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Old 01-30-2014, 04:48 PM   #1
danwiththeplan
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Default Two related transcriptomes: merging but avoiding fake fusion transcripts

Hi. I'd like to discuss a situation that has been partially discussed in this thread:

http://seqanswers.com/forums/showthread.php?t=33917

I have RNAseq data from two cultivars of a plant which is polyploid. I've taken the approach of doing a de novo transcriptome assembly separately for each cultivar.

Examining the transcriptomes reveals that about 1/3 of the transcripts are unique to a cultivar, and 2/3 of the transcripts have a very close or identical BLAST hit in the other transcriptome.. but these hits are rarely full-length. There are actually few transcripts with a 100% full-length match in the other cultivar/genotype.

Doing differential expression analysis for different conditions in the same cultivar, no problem, I can do that with standard approaches. However, I'm not entirely sure how to do differential expression analyses across cultivars/genotype.

I know that I somehow need to produce a "combined" reference transcriptome, by one of two approaches:

(1) Simply throw all RNAseq reads from both cultivars into a new de novo assembly (which I'm doing now)

(2) Combine the two existing de novo assemblies into a new assembly using an OLC-based method like CAP3 or MIRA

To me, the main thing to avoid is assemblies containing "fake" transcripts that are half from one cultivar and half from another, and I can see approach (1) doing that a lot, because the de novo assembly breaks everything into kmers and you lose information about which full-length transcripts come from which cultivar/genotype. I am thinking that approach (2) is better for avoiding "fake" fusion transcripts since it starts from the point of long transcripts that are known to come from just one cultivar/genotype.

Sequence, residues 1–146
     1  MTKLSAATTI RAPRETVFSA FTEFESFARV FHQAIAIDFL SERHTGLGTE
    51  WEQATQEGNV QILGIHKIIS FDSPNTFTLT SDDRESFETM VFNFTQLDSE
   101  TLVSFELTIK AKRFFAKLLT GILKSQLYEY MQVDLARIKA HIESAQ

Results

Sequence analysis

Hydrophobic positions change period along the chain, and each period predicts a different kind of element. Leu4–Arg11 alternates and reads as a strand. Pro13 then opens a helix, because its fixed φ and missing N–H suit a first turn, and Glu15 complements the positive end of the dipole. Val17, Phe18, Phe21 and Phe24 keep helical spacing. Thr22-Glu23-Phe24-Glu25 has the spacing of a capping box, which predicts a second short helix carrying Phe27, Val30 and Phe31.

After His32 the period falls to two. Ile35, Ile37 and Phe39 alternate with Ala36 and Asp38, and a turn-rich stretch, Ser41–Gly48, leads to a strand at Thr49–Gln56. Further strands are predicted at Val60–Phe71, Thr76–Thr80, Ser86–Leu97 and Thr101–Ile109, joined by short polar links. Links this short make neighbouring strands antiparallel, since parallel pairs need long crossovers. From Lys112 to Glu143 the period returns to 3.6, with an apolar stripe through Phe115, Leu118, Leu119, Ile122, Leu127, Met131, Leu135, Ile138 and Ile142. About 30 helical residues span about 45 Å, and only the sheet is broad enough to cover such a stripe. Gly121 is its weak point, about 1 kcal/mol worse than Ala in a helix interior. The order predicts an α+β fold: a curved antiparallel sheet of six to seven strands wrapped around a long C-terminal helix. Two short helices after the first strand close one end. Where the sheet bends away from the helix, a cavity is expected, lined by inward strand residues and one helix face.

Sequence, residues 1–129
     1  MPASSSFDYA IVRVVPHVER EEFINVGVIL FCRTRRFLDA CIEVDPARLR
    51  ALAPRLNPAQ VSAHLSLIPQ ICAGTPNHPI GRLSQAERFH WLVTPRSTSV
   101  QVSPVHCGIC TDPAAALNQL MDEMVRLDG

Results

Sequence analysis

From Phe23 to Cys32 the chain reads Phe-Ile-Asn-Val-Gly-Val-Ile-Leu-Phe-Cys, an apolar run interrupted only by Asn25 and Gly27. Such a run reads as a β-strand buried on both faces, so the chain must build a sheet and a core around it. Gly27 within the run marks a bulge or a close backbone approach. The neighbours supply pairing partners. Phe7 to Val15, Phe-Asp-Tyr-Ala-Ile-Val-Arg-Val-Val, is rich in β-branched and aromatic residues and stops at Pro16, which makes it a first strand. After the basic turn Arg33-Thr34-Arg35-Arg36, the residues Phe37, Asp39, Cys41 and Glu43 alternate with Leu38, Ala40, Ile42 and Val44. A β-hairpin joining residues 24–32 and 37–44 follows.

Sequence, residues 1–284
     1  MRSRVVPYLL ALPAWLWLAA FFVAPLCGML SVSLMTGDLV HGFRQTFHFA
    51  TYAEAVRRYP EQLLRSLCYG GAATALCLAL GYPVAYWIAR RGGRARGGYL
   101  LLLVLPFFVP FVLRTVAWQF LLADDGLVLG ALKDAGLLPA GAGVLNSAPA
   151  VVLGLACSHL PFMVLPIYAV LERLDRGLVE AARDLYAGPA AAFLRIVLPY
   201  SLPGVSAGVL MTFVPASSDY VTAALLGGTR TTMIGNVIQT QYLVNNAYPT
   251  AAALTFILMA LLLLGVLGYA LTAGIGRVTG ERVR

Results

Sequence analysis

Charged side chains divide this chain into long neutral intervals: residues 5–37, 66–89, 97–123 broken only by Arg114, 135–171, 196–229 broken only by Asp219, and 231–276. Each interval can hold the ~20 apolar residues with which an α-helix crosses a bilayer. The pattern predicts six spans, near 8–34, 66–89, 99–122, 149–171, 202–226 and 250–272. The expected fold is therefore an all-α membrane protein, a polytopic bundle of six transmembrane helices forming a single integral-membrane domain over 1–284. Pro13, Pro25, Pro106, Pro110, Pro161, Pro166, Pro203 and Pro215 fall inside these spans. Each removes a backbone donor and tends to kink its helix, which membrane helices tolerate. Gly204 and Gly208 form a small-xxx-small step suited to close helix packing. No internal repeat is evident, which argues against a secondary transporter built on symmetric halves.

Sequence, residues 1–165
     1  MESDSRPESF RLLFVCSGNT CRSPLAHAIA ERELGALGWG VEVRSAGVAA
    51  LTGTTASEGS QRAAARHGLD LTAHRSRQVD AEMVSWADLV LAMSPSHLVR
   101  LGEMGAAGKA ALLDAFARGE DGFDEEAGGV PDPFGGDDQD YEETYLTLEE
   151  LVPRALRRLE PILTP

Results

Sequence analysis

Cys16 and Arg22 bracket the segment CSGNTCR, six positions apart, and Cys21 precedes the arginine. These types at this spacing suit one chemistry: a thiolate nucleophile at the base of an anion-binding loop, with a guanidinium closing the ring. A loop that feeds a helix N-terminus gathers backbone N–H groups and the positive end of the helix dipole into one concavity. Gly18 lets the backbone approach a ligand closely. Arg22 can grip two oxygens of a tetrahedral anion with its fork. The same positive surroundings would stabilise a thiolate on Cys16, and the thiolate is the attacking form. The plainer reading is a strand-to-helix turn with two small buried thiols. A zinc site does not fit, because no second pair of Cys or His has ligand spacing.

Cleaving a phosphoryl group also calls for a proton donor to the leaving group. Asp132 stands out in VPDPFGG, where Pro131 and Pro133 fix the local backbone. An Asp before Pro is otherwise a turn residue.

PS. Did I mention it's a horrible polyploid and there's no genome?

Does anyone have an opinion or similar experience?
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Old 03-13-2014, 08:45 PM   #2
dongilbert
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You don't say how you did your single cultivar assemblies that were short, but if it was Trinity, then add Velvet/Oases and SoapTrans and/or TransAbyss, all of which give you more complete assemblies if your input is paired end reads. Use multi-kmers up to size of reads, as that gives more complete assembly of the high expressed genes.

See here for software that picks your best gene subset of several transcript assemblies of the same data:
http://arthropods.eugenes.org/EvidentialGene/
see about/EvidentialGene_trassembly_pipe.html for the software.

This paper is an independently done comparison of methods, with essentially same conclusions, that combining best of several assembliers, using CDS-size metrics, gives you the most complete genes:
http://www.plosone.org/article/info%...l.pone.0091776

The artifact gene-joins (fake fusions) are exacerbated using post-assembly mergers such as CAP and velvet/o -merge (maybe also mira, i've not tested that tho). In general the post-assembly mergers don't use all the read pair info and make more mistakes by joining things that don't belong.

You can use your cultivar mixed read set for another assembly, if above re-assembly with other assemblers doesn't help enough. The CDS-selection pipeline I've built throws out those mistakes as the CDS never spans gene joins (too many stop codons).

There are several tips here that work to improve mRNA assemblies
http://arthropods.eugenes.org/Eviden...ly-2013jan.txt

For matching your 2 cultivars I suggest matching CDS also/instead as much of the assembly differences (artifacts, shortness) will be in UTRs. You may also want to measure expression differences only on CDS (or CDS +100bp)
to avoid those assembly artifacts.
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